Moira Sauer didn’t know she was a filmmaker three years ago.
And yet, she has just returned from representing Canada and the Yukon at the Cannes Film Festival in France.
Her featured film, The Provider, was her first.
She made it with the help of some friends during a 48-hour filmmaking competition in 2011.
None of them had any experience making movies.
It’s a silent, black-and-white film (a practical choice – no need to fuss with audio production and editing).
The film sprouted from a cast of stars – a pack of 20 scraggly sled dogs that Sauer helps to take care of – and an idea.
What if all the Yukon ladies could simply order up a companion from Outside, a mail-order male?
“I think we’re kind of reaching that point in desperation as far as the single ladies in town are concerned,” said Sauer.
“It’s really bad. You’re laughing. I’m not laughing. It’s really bad.”
The film stars Sauer and her dogs in a love story with a surprise twist.
Apparently it’s a relatable story, as The Provider won both the Best Film and People’s Choice awards at the competition.
Since then it has travelled to the Dawson City International Short Film Festival, the Tromso International Film Festival in Norway, and now Cannes, among others.
Telefilm Canada selected The Provider from about 40 other Canadian shorts to send to the festival in Cannes. Sauer does not remember even applying.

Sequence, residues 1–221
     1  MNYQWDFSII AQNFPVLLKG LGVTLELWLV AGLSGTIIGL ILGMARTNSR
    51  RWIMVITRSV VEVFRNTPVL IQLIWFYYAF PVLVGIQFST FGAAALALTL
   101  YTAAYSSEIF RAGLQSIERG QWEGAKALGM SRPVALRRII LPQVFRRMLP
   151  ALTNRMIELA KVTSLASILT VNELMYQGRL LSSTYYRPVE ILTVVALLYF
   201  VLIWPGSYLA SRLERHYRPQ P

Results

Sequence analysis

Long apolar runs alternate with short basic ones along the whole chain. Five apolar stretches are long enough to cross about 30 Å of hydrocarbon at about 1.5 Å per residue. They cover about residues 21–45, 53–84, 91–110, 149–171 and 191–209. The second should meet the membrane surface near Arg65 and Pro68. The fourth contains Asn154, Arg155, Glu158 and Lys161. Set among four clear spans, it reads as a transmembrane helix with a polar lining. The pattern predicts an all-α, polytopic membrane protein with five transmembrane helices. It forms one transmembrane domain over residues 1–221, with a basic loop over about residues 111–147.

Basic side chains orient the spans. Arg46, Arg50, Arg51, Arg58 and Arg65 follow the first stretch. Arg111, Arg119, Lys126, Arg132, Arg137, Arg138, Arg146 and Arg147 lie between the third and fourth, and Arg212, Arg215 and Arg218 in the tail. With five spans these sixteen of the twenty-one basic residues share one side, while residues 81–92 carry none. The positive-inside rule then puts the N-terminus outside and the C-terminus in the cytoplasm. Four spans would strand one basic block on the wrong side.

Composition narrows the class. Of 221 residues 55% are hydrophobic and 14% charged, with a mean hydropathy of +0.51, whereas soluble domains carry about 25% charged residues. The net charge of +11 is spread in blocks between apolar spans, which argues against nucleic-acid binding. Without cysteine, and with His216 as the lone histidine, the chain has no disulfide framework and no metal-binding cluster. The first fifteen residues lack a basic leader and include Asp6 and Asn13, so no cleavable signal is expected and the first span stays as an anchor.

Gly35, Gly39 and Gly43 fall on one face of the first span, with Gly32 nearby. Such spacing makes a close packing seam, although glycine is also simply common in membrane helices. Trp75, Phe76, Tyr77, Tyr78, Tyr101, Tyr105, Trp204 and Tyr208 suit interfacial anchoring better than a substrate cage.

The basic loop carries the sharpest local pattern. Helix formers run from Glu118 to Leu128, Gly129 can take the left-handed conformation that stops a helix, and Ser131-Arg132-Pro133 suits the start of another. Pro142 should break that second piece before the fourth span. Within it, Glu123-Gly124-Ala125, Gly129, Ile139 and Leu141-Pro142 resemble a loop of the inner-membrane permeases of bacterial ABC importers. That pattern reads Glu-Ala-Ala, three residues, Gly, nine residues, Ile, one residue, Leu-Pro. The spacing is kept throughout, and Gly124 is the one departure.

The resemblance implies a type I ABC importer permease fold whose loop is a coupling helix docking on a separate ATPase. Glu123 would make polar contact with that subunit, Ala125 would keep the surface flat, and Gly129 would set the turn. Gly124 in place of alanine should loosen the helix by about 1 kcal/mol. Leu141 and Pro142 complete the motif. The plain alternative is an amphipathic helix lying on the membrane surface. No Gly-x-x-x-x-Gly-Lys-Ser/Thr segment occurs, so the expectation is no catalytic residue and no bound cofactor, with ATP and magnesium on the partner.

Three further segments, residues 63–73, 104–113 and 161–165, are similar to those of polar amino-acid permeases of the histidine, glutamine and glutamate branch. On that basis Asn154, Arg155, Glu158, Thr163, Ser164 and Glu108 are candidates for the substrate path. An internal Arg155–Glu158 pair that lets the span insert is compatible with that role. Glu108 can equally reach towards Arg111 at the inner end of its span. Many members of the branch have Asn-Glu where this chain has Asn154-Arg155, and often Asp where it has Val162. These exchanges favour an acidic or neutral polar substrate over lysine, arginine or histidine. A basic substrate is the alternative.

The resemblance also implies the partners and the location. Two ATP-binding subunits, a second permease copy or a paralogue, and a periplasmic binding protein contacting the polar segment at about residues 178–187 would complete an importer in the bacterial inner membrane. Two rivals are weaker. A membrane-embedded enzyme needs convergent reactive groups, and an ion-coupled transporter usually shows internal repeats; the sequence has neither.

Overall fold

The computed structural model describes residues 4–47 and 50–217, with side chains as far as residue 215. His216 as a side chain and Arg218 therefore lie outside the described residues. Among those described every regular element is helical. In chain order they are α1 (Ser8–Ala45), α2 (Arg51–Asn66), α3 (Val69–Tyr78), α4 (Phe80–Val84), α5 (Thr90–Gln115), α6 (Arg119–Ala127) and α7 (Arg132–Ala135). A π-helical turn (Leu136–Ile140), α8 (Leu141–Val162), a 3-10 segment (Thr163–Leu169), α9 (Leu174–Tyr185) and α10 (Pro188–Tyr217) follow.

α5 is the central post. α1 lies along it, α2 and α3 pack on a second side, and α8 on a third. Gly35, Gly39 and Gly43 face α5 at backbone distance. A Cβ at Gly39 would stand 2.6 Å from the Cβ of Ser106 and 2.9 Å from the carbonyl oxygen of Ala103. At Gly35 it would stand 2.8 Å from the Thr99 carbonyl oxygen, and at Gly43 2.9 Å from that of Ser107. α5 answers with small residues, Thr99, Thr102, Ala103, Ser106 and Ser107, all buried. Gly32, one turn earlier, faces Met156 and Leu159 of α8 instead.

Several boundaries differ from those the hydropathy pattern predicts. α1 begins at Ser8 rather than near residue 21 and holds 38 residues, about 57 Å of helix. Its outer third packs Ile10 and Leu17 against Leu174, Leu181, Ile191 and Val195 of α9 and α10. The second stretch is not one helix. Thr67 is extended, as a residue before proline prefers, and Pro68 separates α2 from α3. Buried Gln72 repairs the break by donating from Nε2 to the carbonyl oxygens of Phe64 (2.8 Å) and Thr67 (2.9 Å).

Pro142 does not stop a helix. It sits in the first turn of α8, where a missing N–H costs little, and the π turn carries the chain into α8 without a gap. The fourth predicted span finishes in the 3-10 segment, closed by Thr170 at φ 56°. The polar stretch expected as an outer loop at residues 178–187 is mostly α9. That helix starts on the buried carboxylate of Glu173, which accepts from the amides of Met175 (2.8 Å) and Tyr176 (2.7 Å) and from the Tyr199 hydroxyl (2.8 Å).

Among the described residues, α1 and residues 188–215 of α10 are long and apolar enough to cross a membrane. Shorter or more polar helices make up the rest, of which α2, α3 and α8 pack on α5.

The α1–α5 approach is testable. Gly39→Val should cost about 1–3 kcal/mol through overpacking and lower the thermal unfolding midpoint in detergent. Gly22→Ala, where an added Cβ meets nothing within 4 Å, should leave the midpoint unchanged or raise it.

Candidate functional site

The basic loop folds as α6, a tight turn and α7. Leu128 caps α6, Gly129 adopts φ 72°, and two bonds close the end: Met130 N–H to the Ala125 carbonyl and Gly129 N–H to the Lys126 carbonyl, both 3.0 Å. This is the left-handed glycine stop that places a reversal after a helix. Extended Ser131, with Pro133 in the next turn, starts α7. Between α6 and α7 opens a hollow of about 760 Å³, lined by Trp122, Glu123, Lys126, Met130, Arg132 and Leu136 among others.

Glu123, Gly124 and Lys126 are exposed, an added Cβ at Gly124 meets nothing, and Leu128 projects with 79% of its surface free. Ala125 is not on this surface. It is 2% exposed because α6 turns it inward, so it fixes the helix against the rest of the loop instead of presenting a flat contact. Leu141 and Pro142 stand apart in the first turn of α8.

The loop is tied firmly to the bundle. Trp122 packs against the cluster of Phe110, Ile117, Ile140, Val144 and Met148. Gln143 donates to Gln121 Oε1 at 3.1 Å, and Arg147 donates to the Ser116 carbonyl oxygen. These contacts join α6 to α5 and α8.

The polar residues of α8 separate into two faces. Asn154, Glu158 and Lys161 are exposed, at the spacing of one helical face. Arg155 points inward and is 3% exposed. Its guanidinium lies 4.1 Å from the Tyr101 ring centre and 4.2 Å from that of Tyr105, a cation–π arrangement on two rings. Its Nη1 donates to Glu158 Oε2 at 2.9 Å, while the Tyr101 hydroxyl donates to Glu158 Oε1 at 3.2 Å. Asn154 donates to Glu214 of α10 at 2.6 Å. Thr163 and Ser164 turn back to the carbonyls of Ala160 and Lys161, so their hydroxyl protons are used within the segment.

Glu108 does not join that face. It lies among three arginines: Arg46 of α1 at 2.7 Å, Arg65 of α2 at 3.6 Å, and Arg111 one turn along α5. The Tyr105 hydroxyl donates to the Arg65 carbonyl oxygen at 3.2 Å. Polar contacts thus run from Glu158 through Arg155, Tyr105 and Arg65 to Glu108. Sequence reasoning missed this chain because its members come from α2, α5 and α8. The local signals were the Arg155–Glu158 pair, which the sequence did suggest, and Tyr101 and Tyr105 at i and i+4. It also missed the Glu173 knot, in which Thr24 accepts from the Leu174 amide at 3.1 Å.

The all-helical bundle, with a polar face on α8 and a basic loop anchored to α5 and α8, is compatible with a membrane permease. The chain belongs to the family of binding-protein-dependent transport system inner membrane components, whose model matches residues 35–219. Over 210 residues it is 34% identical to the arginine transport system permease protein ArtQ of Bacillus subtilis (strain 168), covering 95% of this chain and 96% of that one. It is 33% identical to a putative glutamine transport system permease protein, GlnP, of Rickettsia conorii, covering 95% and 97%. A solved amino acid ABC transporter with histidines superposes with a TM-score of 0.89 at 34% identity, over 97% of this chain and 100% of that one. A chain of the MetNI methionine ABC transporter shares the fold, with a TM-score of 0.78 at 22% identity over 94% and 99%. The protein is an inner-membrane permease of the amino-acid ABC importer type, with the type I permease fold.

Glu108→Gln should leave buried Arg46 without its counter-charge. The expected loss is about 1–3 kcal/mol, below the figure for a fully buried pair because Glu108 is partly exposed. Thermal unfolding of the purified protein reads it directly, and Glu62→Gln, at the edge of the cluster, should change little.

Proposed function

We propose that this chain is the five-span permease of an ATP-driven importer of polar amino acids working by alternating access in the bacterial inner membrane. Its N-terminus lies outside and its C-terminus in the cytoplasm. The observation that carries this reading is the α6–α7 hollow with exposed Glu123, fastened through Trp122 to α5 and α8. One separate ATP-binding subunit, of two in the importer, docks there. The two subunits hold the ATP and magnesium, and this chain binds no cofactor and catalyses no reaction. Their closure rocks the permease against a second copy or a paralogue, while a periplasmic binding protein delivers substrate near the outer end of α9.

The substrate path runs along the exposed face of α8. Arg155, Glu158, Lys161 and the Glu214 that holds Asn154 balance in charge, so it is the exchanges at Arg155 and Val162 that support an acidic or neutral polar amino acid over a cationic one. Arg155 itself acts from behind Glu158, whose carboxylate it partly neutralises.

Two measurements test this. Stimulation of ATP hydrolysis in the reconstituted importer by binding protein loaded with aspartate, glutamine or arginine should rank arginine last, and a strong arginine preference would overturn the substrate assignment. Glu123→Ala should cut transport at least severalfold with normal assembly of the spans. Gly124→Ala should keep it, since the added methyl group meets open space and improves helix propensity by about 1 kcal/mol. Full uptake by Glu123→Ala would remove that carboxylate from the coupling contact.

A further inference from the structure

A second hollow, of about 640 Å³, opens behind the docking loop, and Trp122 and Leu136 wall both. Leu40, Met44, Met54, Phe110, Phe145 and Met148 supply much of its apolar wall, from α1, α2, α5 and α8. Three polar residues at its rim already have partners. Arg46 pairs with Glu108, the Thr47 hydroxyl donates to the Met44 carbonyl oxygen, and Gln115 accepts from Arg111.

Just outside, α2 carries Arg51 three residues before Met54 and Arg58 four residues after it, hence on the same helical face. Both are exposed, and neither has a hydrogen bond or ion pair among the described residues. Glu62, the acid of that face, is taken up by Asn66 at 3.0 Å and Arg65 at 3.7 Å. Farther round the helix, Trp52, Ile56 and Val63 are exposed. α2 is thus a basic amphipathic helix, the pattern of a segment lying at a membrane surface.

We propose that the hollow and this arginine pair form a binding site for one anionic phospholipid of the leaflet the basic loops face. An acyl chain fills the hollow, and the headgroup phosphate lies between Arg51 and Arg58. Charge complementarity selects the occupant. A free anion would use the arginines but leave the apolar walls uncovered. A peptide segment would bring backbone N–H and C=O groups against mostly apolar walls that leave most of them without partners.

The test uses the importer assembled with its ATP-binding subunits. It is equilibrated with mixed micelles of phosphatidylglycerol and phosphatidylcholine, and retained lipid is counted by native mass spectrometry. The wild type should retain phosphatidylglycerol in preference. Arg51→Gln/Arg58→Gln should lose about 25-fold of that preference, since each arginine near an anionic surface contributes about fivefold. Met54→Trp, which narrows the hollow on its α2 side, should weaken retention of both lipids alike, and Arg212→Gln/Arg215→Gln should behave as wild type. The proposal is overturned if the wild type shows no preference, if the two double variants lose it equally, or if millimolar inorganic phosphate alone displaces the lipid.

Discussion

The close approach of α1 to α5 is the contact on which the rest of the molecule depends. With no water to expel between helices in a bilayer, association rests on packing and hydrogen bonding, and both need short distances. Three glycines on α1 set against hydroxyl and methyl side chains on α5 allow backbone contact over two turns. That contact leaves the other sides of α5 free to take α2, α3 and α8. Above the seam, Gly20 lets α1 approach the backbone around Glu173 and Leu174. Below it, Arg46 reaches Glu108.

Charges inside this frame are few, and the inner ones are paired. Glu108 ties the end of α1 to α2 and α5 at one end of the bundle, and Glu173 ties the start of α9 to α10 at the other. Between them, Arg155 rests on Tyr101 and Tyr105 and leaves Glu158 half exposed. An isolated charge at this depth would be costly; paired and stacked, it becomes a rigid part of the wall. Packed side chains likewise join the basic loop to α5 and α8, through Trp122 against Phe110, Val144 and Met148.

“I’m really terrible at applying to festivals. And if you don’t apply to festivals, you don’t get seen by festivals, which makes the fact that I got selected by Telefilm Canada even more outrageous.”
At Cannes, Sauer was torn between the festival’s glitz and the potential to network with the global film industry.
“I definitely went to enjoy a glass of champagne and put my feet on a red carpet and watch a movie or two, but I also went with an intention to explore future possibilities.
“It’s business, business, business, 24/7, and it’s not my strength at all. So it was tough.”
The trick now will be to follow up on the dozens of business cards handed to her over the course of the 10-day festival, she said.
But Sauer left the festival with more energy to make movies than to make business connections.
“There was something very inspiring about the place and being surrounded by all of the people from the industry. I just couldn’t wait to get home to start working again.
“And there’s really only so much champagne a girl can drink in France before she just has to go home to her cabin and her dogs.”
The Provider has turned into the first short film in what Sauer calls her “Northern Gothic” trilogy.
She’s working towards filming the third in the series this winter. And she’s happy to be home.
“The glitz and the glamour was actually so extreme that it left me a little gobsmacked. I felt grateful for the life that I live in the Yukon and the friends that I have and the grounding that I have here. Because what I saw there was just another universe, and not one that I want to live in, that’s for sure.”
But you wouldn’t hear her complain if the Yukon had a little more champagne and a few more men.
“More men, champagne, and the Yukon: Heaven!”
Contact Jacqueline Ronson at